Here is the interview:
Many singers view their career as a sprint to the finish line. Discordant with instrumentalists who can pick up the violin at age 3 and make their Lincoln Center debuts before they’re 10, and even fellow crooners in other genres who can go platinum before they’re able to legally drive a car, classical vocalists face a variety of developmental hurdles before the real work can begin.
Traditional training today leaves singers taking an average of one voice lesson a week and often being catapulted into roles—either by agents or opera companies—at preternaturally early ages, ages often included in (if not headlining) marketing copy. What follows is an inevitable, and often very public, burnout.
Bucking this trend, however, is bass-baritone Luca Pisaroni. Born in 1975, Pisaroni is just beginning his rise to prominence in the United States. He made his Metropolitan Opera debut at 29 as Publio in Mozart’s La clemenza di Tito, but gave a star turn in New York as Leporello in the company’s new production of Don Giovanni (and returns this month as Caliban in the world premiere of The Enchanted Island). Compared to many of his peers who have headlined multiple Met productions and sweep across Europe, it may seem to some as a delayed trajectory—but for Pisaroni it’s not the majority of a sprint, but rather the first few miles of the marathon.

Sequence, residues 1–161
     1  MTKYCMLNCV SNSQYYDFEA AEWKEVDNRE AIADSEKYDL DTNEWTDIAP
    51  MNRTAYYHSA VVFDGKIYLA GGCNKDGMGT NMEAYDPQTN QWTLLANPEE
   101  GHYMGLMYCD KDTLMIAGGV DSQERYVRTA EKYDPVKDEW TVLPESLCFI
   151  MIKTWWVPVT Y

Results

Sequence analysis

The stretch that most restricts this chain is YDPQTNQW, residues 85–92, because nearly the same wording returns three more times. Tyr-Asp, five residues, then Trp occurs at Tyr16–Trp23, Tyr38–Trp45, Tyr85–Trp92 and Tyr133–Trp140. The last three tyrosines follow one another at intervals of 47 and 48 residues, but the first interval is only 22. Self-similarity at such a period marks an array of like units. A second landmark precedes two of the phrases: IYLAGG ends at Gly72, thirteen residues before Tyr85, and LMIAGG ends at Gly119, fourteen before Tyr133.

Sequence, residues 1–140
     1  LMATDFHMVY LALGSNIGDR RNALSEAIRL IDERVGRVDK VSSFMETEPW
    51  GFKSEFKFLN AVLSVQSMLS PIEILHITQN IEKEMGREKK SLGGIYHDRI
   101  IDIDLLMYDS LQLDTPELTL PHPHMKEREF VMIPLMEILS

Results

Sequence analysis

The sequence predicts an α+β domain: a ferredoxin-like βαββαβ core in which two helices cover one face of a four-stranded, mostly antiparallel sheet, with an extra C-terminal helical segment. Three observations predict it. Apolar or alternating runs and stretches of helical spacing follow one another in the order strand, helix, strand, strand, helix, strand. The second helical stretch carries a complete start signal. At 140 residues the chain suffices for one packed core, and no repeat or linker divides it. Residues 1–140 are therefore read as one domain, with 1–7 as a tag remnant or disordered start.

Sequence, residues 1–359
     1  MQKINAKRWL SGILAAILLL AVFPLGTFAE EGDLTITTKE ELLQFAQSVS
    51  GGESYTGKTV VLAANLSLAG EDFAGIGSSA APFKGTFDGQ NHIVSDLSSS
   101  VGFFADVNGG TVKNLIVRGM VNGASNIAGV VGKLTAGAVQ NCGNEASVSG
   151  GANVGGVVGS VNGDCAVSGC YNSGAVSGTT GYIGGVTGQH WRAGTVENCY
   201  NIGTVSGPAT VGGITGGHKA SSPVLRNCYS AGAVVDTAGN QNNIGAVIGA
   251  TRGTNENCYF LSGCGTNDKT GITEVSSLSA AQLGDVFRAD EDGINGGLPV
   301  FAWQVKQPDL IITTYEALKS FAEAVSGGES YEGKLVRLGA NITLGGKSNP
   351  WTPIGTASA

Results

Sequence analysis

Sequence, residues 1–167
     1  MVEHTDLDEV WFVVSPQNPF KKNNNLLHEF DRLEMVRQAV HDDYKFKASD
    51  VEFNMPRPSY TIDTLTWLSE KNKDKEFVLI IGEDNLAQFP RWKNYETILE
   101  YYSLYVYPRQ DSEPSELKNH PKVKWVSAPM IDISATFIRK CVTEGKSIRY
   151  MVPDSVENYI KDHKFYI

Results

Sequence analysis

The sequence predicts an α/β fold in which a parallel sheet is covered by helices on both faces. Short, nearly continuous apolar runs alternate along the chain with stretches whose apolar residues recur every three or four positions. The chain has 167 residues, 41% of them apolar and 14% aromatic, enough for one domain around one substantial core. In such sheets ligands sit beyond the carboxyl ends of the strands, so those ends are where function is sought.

“It takes a life to master your voice, and it takes really only a few bad repertoire choices to ruin your voice. And once it’s gone, it’s gone,” explains the Venezuelan-born Italian singer over ginger ale at a hotel lounge that faces the Met. Growing up in Busseto, a comune in Parma and the birthplace of Giuseppe Verdi, Pisaroni developed an early passion for opera, admitting that he cannot remember his life without the art form. He listened obsessively to Boris Christoff singing the Verdi canon, from Don Carlos’ “Ella giammai m’amo” to Simon Boccanegra’s “Il lacerato spirito” to selections from the cabaletta-rich Attila. A few years later, at age 11, he saw his first opera—Aida. Around the same time, he destroyed a cassette tape of Pavarotti, singing over his recording of Tosca trademark “E lucevan le stelle” in tandem with the star tenor and checking to make sure his notes were high and long enough. [Continue reading HERE]
After his run at the Met, Pisaroni sticks to baroque music, as he rejoins cast member David Daniels in at the Lyric Opera of Chicago as Argante in Handel's Rinaldo. Performances run from February 29-March 24. Click HERE for additional cast and performance information.
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